Thought Internet Pricing Was Transparent? Think Again.

The internet is not always transparent

It Pays To Shop Around

A year or so ago, I went to a meeting of the Citrus Club. Chris Hirst runs this rather wonderful club.

The speaker on this particular night was Trevor Bish-Jones. He was, I think, Woolworths’ last CEO in the UK before it went bust, but he had had an illustrious career beforehand in companies such as Dixons. Not even the Archangel Gabriel was going to rescue Woolworths.

It was a slightly odd evening.

After Trevor finished telling us about his time in the Middle East, to which he has just returned, and his Dixons’ experiences, he waited for questions. Not a single person asked him about what happened at Woolworths. Whatever is wrong with the English? The French would have piled in.

Trevor said that, before the growth of Google and price comparison sites, he could raise the price of a £250 TV at Dixons, and see, maybe, a 5% drop in sales of that TV. Now, if Dixons tried to do the same, it would lead to a 100% drop in sales. They would sell nothing. Rien. Nada.

The point he was making is that the web makes everything transparent.

I’ve had a very different experience with Autoglass.

I drive an Audi TT which has a cracked windscreen. I managed this myself and from the inside. On the web, Autoglass quoted £325 gross to replace the glass. Having worked on Austin Rover, General Motors and Citroen, I thought this was a bit steep, so I visited an Autoglass outlet.

“Is it covered by your insurance?” asked the manager.

“No.”

“Come with me,” he said as he led me to a distant place on a grim industrial estate. “You need to ring around,” he muttered. “You could do better.”

So, I did. I phoned three other local companies. One came in at £425 but the other two were a lot lower. I asked Auto Windscreens, which quoted £177 , to do the job at my home. However, today, when the screen was due to be replaced, it was raining. I got a call from the chap who was going to replace the windscreen. He was in Watford and was setting off to see me in London, but knew it was raining hard where I live.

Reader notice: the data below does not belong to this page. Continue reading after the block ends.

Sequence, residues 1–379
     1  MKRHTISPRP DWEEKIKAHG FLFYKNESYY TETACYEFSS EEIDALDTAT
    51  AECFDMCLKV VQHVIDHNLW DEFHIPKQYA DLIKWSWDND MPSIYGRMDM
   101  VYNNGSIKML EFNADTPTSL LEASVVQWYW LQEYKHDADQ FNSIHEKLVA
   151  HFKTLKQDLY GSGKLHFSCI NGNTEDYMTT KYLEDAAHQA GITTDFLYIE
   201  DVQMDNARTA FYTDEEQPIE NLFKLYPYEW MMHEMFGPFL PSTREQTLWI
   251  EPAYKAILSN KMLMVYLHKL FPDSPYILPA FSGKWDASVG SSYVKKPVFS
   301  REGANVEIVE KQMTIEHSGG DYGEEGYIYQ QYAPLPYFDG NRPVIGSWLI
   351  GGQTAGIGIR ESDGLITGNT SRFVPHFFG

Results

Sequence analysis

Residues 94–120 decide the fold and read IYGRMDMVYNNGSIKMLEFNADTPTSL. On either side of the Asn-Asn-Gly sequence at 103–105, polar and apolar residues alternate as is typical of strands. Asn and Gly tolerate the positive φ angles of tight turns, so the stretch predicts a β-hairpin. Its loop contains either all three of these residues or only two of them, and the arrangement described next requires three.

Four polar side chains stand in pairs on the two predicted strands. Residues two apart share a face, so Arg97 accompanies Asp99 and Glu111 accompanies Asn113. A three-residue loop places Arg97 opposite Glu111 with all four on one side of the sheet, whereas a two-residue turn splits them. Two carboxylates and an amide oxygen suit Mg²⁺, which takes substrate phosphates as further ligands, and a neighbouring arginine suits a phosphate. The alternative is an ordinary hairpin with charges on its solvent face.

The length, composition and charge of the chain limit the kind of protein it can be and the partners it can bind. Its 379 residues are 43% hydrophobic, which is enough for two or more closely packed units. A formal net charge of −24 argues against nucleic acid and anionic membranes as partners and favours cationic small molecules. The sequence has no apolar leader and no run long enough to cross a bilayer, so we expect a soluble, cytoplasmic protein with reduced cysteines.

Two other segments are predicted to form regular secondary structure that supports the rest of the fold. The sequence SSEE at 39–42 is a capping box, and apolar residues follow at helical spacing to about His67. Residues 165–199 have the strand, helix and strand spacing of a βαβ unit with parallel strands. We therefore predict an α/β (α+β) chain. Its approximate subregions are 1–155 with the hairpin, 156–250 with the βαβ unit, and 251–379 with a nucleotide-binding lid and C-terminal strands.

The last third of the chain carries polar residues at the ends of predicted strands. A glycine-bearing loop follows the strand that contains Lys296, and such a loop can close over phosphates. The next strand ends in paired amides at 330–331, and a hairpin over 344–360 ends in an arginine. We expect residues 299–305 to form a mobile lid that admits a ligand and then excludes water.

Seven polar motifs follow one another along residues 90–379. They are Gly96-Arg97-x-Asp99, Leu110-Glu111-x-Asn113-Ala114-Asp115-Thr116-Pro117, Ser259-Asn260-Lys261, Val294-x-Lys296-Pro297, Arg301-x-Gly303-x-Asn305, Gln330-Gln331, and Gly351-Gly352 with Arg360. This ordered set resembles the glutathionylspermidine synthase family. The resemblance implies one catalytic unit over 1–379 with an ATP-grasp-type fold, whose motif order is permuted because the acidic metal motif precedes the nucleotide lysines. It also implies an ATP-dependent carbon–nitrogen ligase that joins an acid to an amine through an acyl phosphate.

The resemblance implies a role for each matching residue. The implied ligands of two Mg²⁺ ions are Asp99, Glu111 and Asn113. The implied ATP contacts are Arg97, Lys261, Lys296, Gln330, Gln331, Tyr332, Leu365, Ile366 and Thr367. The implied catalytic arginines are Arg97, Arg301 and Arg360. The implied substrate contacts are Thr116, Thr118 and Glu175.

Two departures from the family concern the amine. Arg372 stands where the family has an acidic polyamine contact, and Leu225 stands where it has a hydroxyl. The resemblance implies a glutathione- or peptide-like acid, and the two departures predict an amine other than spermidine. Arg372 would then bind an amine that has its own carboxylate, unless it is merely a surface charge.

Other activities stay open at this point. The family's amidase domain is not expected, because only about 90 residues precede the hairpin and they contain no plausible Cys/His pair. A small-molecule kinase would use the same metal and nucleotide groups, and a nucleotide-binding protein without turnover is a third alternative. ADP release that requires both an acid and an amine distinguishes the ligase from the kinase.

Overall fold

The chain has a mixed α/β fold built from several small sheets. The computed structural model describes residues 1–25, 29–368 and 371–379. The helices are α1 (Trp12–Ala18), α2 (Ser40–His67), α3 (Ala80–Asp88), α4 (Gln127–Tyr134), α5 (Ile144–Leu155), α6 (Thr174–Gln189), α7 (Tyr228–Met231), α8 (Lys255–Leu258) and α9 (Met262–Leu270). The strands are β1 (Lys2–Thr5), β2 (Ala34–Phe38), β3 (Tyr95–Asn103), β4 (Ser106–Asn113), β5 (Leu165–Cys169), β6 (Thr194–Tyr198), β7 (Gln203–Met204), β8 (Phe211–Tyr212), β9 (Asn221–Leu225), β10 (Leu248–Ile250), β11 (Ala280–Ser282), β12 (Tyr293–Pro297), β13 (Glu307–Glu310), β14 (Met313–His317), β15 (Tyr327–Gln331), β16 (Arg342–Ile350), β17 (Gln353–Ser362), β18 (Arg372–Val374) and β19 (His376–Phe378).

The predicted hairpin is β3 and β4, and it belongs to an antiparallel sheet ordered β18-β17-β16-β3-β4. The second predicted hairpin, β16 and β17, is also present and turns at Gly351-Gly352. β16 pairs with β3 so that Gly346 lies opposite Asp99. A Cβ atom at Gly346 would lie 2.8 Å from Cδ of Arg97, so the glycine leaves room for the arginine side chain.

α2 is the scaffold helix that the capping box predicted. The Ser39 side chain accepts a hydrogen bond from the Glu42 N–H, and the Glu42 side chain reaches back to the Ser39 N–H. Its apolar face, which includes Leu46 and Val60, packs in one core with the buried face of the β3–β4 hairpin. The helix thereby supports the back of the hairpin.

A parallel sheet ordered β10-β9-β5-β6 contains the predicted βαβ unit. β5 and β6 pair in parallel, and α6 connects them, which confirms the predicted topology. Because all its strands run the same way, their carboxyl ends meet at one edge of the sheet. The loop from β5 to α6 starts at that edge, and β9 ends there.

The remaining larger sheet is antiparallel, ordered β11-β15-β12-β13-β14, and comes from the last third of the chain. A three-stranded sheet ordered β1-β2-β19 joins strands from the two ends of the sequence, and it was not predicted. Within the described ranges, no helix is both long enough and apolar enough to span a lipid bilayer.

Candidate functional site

He arrived, wet and looking shagged out, but very courteous nonetheless. He looked at the car.

He said, “You’ve ordered the wrong windshield. If I fit what I’ve got, it will reduce the value of your car. The right windscreen is tinted.” He was right.

He rang his boss, and then said to me, “We’ve messed you around, so we’ll fit this more expensive windscreen for £149. Is that OK? What are you doing on Tuesday afternoon?”

The original Autoglass quote was 218% higher than that of  this new Auto Windscreens quote (0800 999 8000).

Whatever is distorting the market?

Clearly, the insurance companies are involved. Autoglass was not interested in me once they knew that I do not have windshield insurance.

How much, I wonder, is my comprehensive insurance of £800+ loaded by cosy deals between the insurers and repairers? In the USA, medical insurance is astronomically high because of this. And I had thought Trevor was right when he said that the internet makes everything transparent. I was wrong. Price comparison sites are absolutely useless here.

The web should make completely transparent the price of a windshield replacement, but not, it seems, for car windscreens.

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